Wednesday, December 28, 2011

Improving memory for sea snails

From Science News article Staggered lessons may work better :
"Kandel and others have worked out a lot of the biochemical details of how sea snails learn and form memories. When the creatures start to learn something, two major molecular cascades kick off in nerve cells. Genes jump into action, churning out proteins that then spur other genes into action. One of these cascades happens quickly, and the other one is sluggish, but both need to deliver their products at the same time for a memory to stick.

Byrne and his team used this knowledge to make a mathematical model of how best to deliver this biochemical double-hit. The team asked the computer how to spread out five shocks over a period of several hours. Instead of evenly spacing the five at 20-minute intervals, the model suggested a completely different pattern: Give three doses 10 minutes apart, followed by a fourth dose five minutes later, wait a half hour, and then give a final dose.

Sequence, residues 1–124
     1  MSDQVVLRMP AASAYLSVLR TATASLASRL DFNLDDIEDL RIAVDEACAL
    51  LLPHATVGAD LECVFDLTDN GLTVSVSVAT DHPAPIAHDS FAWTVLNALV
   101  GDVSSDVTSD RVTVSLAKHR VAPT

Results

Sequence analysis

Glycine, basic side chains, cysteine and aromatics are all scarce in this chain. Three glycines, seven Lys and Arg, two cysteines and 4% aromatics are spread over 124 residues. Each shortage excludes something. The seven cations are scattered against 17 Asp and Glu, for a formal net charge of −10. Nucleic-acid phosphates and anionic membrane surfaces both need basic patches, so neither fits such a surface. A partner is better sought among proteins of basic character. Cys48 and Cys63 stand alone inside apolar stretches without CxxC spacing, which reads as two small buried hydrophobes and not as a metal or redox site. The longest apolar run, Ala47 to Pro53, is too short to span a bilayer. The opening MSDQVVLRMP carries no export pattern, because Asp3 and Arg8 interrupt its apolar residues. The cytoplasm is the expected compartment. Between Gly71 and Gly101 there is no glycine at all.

“You have these irregular intervals between the treatments,” Byrne says. “That’s the very nonintuitive part of it that you couldn’t have predicted.”

When Byrne and his team tried this training protocol, it worked better than the standard 20-minutes-apart training doses. With the standard protocol, the sea snails forgot what they’d learned after five days. But on the enhanced protocol, the sea snails remembered five days later."

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